Acid aspiration prophylaxis for emergency Caesarean section


should be addressed to Dr T. Gin.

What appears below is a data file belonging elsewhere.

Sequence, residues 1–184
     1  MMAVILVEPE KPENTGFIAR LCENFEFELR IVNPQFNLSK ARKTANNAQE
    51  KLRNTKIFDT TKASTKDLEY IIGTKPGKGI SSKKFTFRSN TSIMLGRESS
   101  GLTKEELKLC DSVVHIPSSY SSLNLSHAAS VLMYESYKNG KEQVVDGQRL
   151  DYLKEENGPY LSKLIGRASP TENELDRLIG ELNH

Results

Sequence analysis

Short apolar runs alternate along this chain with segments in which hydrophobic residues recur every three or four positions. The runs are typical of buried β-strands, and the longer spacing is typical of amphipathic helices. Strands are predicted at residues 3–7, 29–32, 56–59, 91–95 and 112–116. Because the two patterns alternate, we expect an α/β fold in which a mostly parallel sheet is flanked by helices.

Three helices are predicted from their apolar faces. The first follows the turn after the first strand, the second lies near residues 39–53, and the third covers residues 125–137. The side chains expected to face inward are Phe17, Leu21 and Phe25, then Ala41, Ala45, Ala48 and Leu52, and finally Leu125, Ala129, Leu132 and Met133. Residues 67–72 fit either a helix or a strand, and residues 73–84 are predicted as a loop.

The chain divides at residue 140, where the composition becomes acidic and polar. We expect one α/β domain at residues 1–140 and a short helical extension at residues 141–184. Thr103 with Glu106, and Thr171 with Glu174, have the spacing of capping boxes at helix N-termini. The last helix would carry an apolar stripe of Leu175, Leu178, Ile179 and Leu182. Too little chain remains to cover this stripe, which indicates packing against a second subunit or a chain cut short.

Over a 3.5 year period, 384 patients requiring emergency Caesarean section under general anaesthesia received at random one of six acid aspiration prophylaxis regimens as soon as the decision was made for surgery. In the first phase of the study, sodium citrate administered orally 0.3 M, 30 ml (group C, n = 120) was compared with metoclopramide 10 mg administered intravenously and sodium citrate (group MC, n = 65). In the second phase, all patients received sodium citrate, and either intravenous administration of ranitidine 50 mg (group RC, n = 50), omeprazole 40 mg (group OC, n = 50), ranitidine 50 mg with metoclopramide 10 mg (group RMC, n = 50) or omeprazole 40 mg with metoclopramide 10 mg (group OMC, n = 49). Gastric contents were aspirated using a 16 FG Salem sump tube and acidity measured with a pH meter. Non-parametric tests were used for comparisons. There was no difference in gastric volume or pH between groups C and MC, or among OC, RC, OMC and RMC. After pooling the data, median (range) gastric volume in groups C and MC (55(0–360) ml) was greater than in groups OMC and RMC (40(3–270) ml, p < 0.05). Median (range) pH was lower in groups C and MC (4.97(0.76–6.99)) than in groups OC, RC, OMC and RMC (5.76(1.11–7.5), p < 0.001). The proportion of patients with pH < 3.5 and volume > 25 ml in the C and MC groups (43/185) was greater than that in the OC, RC, OMC and RMC groups (18/199, p < 0.001). Ranitidine and omeprazole administered intravenously were equally effective adjuncts to sodium citrate in reducing gastric acidity for emergency Caesarean section. Compared with sodium citrate alone, the addition of either ranitidine, omeprazole or metoclopramide alone did not reduce gastric volume while small reductions in gastric volume were seen with the addition of metoclopramide and either ranitidine or omeprazole.